1) The primary reason that I suggest working on shorter distances first is simply that this is the most common path that the best runners take; it's a tried and true path to success. There are people who have bucked this idea (some of them are my really good friends) and have run really well, but this is the exception rather than the rule.

2)Running fast requires developing a long and powerful stride. Running is a simple function of stride rate time stride length. There's only two ways to get faster: increase your stride rate or increase your stride length. Racing well over the shorter events requires developing a longer and more powerful stride and being able to control that stride, run it efficiently. This is probably the primary thing that new runners lack: the ability to put power into their stride, and concentrated work at shorter distances like the 5k (or even the 800 and mile) early in your running career will develop this stride and allow you to take advantage of it when you become aerobically stronger.

3) The 5k teaches you how to race. Spending a season on the 5k will allow you to run 5-10 races. Some of these will go badly. Some will go well. It is hard to learn how to race by beginning at the marathon level simply because you can't race a marathon back to back. You can't practice riding the thin line because it takes so much out of you and the consequences of falling off are really painful. In the 5k, you learn how to manage a pace that is aggressive and controlled.

 4) Training for and racing the 5k teaches you how to incorporate quality work. The best marathon training is a grind. You are tired all the time, and you pile miles on miles. The primary thing that makes you better is adaptation to volume. The best 5k training requires learning how to rest so that you can perform your workouts and practice running smooth at race pace. It's easier to learn your body, to feel fresh every now and then. Also, to race well at 5k, you need to balance training and recovery, learn how to target a race. When we marathon train, we train through our races. But since the volume demand for 5k is a little less, you can get away with "resting up" at several points during the season to run your best. Learning what it feels like to be truly sharp can really help you identify whether or not you are properly recovering from your workouts or at the right mileage level.

5) Finally, racing at the 5k distance teaches you how fast you can really be. Let's face it, running is a head game as much as it is a physical game. As long as running X minute miles is intimidating, it's going to be hard to have the confidence to run that pace in a marathon. Racing at shorter distances gets you comfortable running 5 minute and 6 minute and 7 minute mile pace, even if initially in short bouts. You begin to understand how to control these rhythms and bring them into your range.

I am a huge believer in mileage and, in running easy. These are still, all things considered, the most important variables for distance running success. However, it's also true that you can't get fast without running fast in training. Running fast is a skill that can be practiced; you can get better at it. Volume is a huge determinative of distance running success, but so is balanced and progressive training. Taking an occasional break from the relentless slogging of miles to really think about how you can get faster will keep you mentally fresh and also allow your body a different stimulus for training.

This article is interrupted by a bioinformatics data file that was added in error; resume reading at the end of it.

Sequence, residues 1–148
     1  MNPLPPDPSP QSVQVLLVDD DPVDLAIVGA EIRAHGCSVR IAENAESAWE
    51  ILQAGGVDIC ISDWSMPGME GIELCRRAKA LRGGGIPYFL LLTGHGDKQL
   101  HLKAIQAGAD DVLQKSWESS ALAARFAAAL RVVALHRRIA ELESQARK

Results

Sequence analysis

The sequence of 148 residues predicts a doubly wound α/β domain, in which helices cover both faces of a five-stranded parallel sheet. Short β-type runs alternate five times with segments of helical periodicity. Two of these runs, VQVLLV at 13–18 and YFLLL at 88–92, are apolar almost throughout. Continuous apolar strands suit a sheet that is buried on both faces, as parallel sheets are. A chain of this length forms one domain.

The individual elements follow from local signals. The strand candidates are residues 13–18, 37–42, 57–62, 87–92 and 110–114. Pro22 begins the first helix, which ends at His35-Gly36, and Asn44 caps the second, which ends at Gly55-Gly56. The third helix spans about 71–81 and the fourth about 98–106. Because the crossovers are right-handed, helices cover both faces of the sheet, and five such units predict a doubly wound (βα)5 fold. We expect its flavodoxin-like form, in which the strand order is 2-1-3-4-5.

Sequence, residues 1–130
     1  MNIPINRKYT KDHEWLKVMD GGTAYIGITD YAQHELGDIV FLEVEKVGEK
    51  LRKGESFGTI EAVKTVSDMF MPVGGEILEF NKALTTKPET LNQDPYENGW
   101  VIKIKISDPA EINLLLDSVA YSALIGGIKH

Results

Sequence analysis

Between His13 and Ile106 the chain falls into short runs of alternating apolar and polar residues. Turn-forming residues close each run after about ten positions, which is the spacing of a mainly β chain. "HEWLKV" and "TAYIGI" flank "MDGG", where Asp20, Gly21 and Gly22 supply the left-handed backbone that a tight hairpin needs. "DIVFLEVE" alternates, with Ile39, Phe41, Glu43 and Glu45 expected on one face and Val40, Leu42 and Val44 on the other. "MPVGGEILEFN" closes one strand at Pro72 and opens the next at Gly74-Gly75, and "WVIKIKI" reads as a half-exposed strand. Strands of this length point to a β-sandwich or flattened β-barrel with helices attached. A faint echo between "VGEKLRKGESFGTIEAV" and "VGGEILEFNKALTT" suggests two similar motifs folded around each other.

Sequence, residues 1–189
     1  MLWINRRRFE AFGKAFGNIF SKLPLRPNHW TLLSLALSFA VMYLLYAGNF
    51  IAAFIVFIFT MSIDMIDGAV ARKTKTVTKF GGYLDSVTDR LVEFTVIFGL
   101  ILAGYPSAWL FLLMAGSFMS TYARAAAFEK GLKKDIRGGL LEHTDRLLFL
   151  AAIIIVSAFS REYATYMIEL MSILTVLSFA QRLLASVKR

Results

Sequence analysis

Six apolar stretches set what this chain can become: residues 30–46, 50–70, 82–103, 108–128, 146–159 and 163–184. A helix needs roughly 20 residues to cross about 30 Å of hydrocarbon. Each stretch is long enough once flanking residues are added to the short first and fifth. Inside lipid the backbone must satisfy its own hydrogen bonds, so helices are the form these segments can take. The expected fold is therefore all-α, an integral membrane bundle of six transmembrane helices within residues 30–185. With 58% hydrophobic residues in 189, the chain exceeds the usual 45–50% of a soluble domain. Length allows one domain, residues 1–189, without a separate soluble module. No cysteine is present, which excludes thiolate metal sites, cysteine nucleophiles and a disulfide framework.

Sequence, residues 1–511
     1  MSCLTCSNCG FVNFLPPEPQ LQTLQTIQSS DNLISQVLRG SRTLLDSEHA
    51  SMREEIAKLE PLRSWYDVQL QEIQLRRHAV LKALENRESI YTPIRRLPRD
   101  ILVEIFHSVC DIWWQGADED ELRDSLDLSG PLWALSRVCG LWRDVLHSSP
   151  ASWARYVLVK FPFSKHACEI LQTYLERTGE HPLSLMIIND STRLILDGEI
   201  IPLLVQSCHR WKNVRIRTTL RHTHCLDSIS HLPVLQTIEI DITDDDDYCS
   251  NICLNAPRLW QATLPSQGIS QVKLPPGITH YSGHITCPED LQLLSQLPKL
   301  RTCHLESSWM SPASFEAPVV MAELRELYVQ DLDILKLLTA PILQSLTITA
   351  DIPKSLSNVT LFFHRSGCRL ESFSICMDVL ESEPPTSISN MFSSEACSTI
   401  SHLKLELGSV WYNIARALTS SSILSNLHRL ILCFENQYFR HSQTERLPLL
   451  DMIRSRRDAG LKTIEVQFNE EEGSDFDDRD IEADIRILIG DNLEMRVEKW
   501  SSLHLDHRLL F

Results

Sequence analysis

When you watch great marathoners like Shalane Flanagan or even a pure marathoner like Ryan Hall, you can see the track running in their background. You see it in the intensity of their focus, the dynamism of their stride, their responsiveness to surges, the timing of their moves. You can also see it in their training: they know when to run fast, when to back off, when to hammer. These are skills they learned as young runners on the roads, in XC, and in track, and they apply as well to the marathon. You don't have to be an elite runner for this to apply to you as well. Everyone can make improvements by taking the shorter distances seriously.

Not to mention, along the way: you might find that you enjoy the 5k more than the marathon. Or, you might even be better at it. Stranger things have happened.

Meanwhile, on a personal note and in the spirit of trying new things, I am headed out this Friday to the Sea Ray Relays in Knoxville to try my hand at my first ever 10k on the track. Wish me luck! And best of luck to all the marathoners out there, especially those headed to Boston on Monday.

If you liked this post, check out these thoughts on how to keep it simple and train from 5k to 50k... just try not to catch me in any contradictions!

Thursday, April 5, 2012

Anxious Reflections on Anxious Reflections

Anzaldúa was a chicana activist.
“Why am I compelled to write?... Because the world I create in the writing compensates for what the real world does not give me. By writing I put order in the world, give it a handle so I can grasp it. I write because life does not appease my appetites and anger... To become more intimate with myself and you. To discover myself, to preserve myself, to make myself, to achieve self-autonomy. To dispell the myths that I am a mad prophet or a poor suffering soul. To convince myself that I am worthy and that what I have to say is not a pile of shit... Finally I write because I'm scared of writing, but I'm more scared of not writing.”
--Gloria Anzaldúa

 Many of the posts I have written lately have characterized running as a practice of self-care, almost as a type of therapy. I have written running as a quest to regain intimacy, as a form of coming to terms with the self, as a way of gaining confidence in the self, and as a way of escaping the self.